A cookie is just a very small file that a website saves on your computer (or smartphone, tablet, etc.), in order to keep track of information that it uses when you visit the site. Cookies are stored in one of the directories that a browser uses for saving website data. Many cookies simply contain data that allows the website to recognize you computer, and to display itself based on your preferences, or on your previous actions at the site. Other cookies allow websites to do such things as keep an accurate count of the number of unique visitors to each page. Cookies are text files; they do not contain binary code, and cannot run like programs on your computer.
Each cookie includes its own expiration date. Many cookies are set to expire when you close your browser. These cookies are known as 'session cookies,' and contain information that is only used while you are browsing the site. Other cookies, called 'persistent cookies', have longer expiration dates (measured in months or years), and contain data that may be used from one site visit to the next. You can find out more about cookies and how they work at http://allaboutcookies.org, and at the Wikipedia entry for HTTP cookies, http://en.wikipedia.org/wiki/HTTP_cookie.
Basic cookie functions allow us to keep track of how our site should be displayed in your browser, which of our site's pages you have recently visited, authentication settings, country and language selections, and similar information. This makes it possible for you to view our website according to your preferences, without having to re-enter those preferences each time that you come to our site.
We also collect statistical information so that we can understand how people use our site, and how we can improve it. When we do this, we aren't concerned with what any one person does, but with the overall numbers. We want to know how many people viewed a specific page or document, how long they spent there on the average, what pages they came from or went to, what things people clicked on, and which ones they ignored. This kind of information tells us which items at our site are the most important to our users, which items work the way that we think they should, and which ones are not doing what they should be doing. Cookies allow us to count the number of individual users who have done something, as opposed to one user doing the same thing repeatedly.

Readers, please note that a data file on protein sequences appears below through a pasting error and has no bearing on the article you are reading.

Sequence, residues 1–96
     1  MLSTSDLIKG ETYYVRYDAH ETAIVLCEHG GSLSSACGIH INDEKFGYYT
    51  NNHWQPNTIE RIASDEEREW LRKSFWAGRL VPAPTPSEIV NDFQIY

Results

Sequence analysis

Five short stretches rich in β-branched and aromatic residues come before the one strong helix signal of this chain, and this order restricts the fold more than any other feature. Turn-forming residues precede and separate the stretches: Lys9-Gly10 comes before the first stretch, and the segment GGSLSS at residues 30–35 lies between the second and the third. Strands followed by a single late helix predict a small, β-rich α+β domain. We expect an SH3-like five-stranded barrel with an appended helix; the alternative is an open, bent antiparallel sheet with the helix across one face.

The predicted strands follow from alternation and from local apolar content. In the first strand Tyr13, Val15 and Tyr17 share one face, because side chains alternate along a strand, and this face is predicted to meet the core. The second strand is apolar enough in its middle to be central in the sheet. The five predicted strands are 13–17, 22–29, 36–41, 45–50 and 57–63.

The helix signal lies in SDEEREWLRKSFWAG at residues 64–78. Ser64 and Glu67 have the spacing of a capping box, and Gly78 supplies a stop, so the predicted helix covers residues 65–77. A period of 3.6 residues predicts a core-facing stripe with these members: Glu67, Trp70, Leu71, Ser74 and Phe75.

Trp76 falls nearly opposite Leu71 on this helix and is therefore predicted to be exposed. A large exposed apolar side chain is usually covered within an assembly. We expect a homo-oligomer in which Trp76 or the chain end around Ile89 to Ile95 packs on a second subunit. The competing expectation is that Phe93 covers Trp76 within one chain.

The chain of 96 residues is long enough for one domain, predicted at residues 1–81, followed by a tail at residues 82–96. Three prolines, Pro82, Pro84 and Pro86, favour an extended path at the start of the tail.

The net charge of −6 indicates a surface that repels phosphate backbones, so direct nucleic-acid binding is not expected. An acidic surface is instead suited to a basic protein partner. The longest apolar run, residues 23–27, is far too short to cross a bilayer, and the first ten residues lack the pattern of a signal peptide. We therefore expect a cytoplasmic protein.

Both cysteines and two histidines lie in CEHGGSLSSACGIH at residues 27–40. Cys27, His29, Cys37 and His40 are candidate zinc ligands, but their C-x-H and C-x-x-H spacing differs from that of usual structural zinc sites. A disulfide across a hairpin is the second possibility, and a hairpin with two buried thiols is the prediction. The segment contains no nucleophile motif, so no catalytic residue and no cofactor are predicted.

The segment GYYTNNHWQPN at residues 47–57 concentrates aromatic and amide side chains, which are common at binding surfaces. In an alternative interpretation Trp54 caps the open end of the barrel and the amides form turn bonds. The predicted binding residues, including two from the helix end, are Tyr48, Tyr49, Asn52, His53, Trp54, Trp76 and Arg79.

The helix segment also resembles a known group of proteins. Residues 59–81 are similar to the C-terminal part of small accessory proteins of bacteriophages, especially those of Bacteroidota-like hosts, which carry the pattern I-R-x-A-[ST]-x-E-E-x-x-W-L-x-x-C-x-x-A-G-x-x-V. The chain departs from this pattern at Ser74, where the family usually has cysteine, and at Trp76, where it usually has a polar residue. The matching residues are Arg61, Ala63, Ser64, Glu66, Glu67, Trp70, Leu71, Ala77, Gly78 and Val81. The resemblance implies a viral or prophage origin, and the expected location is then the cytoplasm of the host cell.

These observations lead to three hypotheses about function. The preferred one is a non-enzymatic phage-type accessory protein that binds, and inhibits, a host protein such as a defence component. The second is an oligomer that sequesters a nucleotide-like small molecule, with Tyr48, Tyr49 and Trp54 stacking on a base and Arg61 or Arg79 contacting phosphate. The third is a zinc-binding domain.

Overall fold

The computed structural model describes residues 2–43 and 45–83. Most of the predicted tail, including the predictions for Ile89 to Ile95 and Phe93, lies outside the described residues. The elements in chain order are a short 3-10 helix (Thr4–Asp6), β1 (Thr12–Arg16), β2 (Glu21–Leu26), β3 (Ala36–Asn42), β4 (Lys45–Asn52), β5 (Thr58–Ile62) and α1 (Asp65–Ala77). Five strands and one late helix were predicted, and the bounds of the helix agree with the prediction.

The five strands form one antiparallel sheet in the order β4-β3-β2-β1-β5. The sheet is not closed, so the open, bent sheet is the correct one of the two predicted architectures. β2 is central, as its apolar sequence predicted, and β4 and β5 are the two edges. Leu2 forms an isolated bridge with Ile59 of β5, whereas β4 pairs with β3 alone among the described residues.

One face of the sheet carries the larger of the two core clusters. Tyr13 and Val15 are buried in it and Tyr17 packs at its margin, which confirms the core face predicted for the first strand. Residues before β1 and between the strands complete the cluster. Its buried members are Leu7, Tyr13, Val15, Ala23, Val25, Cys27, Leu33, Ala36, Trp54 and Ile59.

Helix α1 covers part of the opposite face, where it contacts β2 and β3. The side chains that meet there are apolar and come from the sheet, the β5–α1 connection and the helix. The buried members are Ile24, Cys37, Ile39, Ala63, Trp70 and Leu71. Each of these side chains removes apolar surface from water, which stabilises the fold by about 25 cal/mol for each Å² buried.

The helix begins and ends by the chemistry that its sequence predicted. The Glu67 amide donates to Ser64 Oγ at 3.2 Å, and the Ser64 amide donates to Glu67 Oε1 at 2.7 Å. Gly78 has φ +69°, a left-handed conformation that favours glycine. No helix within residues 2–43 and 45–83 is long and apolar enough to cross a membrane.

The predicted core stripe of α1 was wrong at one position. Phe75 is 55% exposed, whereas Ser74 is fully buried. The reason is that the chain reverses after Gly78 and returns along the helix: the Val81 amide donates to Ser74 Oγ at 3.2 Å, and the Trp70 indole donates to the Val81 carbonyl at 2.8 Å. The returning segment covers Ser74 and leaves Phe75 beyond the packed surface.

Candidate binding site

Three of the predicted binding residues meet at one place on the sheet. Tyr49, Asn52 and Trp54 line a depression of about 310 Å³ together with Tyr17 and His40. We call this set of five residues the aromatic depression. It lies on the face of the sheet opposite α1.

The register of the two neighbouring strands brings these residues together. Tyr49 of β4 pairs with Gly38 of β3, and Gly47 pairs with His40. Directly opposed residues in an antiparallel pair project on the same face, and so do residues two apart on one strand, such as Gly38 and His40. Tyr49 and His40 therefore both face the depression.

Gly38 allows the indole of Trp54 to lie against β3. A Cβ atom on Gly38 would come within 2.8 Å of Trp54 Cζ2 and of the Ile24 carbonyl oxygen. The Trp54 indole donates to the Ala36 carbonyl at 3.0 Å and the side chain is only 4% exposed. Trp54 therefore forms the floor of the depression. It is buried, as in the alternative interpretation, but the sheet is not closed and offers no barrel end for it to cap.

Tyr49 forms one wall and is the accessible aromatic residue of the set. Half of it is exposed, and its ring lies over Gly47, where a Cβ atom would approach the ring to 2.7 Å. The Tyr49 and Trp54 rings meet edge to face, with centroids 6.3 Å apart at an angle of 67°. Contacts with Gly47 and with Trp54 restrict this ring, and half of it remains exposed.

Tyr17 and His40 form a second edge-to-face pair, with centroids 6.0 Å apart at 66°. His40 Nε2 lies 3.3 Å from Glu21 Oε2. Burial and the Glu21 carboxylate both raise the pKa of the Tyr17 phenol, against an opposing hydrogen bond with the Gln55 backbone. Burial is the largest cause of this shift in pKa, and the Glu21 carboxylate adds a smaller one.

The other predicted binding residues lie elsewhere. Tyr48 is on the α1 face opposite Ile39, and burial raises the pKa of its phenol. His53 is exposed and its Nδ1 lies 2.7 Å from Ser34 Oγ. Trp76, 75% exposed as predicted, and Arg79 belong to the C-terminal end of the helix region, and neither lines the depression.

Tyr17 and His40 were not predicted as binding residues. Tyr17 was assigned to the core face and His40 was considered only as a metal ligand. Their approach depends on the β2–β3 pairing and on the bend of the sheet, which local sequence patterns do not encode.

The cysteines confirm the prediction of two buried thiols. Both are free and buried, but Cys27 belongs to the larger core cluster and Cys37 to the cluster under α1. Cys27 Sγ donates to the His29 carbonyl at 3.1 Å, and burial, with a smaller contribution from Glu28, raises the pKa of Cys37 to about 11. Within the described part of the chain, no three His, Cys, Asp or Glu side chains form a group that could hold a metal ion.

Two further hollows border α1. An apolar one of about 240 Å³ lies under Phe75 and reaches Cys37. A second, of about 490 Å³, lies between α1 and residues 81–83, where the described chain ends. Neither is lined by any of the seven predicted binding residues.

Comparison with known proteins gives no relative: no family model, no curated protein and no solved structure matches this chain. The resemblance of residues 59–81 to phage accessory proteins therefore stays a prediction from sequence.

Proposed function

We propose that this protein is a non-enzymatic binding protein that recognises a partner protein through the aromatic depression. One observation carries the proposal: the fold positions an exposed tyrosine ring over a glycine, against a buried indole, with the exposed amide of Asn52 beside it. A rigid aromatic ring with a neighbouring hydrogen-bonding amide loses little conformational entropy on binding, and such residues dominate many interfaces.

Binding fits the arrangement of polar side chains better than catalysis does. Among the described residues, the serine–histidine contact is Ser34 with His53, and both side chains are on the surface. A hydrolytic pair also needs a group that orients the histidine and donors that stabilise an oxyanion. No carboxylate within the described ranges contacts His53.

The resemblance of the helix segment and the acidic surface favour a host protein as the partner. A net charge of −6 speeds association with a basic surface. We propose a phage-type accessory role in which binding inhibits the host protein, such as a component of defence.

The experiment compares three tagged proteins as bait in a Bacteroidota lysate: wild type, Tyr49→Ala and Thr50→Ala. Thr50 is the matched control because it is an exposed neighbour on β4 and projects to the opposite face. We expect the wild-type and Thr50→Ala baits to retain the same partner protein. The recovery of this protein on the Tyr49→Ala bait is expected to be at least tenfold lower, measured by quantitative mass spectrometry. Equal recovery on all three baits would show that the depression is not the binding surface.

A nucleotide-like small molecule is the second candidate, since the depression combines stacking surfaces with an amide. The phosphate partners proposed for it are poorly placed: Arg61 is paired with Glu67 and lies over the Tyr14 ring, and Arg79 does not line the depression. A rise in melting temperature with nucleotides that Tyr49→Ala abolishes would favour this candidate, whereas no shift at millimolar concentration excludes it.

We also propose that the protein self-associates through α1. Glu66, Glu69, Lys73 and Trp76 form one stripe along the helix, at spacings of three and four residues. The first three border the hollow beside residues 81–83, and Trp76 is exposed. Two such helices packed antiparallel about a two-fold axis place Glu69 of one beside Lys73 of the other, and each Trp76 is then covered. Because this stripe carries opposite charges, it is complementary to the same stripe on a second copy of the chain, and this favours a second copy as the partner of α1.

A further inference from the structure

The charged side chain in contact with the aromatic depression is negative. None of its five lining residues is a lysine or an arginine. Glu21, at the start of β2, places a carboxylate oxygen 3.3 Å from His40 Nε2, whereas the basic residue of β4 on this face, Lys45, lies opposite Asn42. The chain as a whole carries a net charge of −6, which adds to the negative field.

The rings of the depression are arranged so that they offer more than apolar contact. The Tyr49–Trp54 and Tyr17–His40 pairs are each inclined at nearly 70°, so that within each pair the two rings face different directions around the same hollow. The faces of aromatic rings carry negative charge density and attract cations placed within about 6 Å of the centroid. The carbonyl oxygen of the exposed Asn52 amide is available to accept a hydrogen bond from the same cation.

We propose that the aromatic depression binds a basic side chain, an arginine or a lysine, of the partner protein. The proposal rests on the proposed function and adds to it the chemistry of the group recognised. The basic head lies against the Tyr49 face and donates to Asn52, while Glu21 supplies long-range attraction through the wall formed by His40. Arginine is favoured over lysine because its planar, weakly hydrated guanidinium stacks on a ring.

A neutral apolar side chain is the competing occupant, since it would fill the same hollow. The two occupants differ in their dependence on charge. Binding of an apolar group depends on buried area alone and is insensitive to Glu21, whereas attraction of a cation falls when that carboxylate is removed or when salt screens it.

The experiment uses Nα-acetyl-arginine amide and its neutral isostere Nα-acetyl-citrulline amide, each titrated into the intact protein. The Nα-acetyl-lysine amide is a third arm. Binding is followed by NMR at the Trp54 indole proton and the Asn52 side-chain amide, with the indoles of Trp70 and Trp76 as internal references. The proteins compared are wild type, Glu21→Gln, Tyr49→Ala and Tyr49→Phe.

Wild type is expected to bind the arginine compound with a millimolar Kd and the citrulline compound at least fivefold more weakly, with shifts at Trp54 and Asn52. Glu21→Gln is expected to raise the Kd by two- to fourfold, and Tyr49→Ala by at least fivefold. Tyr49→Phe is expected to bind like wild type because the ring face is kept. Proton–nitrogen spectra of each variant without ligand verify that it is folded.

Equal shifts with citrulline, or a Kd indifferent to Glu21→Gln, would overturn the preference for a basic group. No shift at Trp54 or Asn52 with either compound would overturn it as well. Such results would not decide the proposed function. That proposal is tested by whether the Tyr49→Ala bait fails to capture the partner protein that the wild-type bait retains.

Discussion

Your browser will typically include options or add-ons which allow you to disable or remove cookies for specific sites. You can use those options to remove or disable our cookies. This is something that you might want to do if, for example, you are accessing our site from a computer that other people use (i.e., on a public computer at a library, school, or Internet cafe), and where you cannot control the security settings. Be aware that if you do disable cookies for our website, it will not remember your preferences and settings the next time that you visit, and you will need to re-enter them.
If you are accessing our site from a computer or other device which only you or other family members use, it is generally much better to leave our cookies as-is, and not disable or remove them.